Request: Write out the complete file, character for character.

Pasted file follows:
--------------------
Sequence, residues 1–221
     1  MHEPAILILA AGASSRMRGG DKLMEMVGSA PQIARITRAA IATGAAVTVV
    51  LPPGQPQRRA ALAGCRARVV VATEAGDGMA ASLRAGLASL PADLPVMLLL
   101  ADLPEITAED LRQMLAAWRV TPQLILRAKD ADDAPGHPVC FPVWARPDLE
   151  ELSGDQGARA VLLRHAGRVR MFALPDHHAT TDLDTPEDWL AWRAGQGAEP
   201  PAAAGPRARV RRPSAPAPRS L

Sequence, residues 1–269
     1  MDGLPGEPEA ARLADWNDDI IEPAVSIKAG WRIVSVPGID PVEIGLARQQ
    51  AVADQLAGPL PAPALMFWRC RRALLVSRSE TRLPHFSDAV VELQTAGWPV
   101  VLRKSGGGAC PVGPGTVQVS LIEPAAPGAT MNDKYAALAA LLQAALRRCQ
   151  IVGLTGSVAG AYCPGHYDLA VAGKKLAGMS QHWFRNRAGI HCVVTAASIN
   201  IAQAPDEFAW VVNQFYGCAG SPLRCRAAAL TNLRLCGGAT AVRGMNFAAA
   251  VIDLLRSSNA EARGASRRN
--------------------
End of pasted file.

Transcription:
Sequence, residues 1–221
     1  MHEPAILILA AGASSRMRGG DKLMEMVGSA PQIARITRAA IATGAAVTVV
    51  LPPGQPQRRA ALAGCRARVV VATEAGDGMA ASLRAGLASL PADLPVMLLL
   101  ADLPEITAED LRQMLAAWRV TPQLILRAKD ADDAPGHPVC FPVWARPDLE
   151  ELSGDQGARA VLLRHAGRVR MFALPDHHAT TDLDTPEDWL AWRAGQGAEP
   201  PAAAGPRARV RRPSAPAPRS L

Sequence, residues 1–269
     1  MDGLPGEPEA ARLADWNDDI IEPAVSIKAG WRIVSVPGID PVEIGLARQQ
    51  AVADQLAGPL PAPALMFWRC RRALLVSRSE TRLPHFSDAV VELQTAGWPV
   101  VLRKSGGGAC PVGPGTVQVS LIEPAAPGAT MNDKYAALAA LLQAALRRCQ
   151  IVGLTGSVAG AYCPGHYDLA VAGKKLAGMS QHWFRNRAGI HCVVTAASIN
   201  IAQAPDEFAW VVNQFYGCAG SPLRCRAAAL TNLRLCGGAT AVRGMNFAAA
   251  VIDLLRSSNA EARGASRRN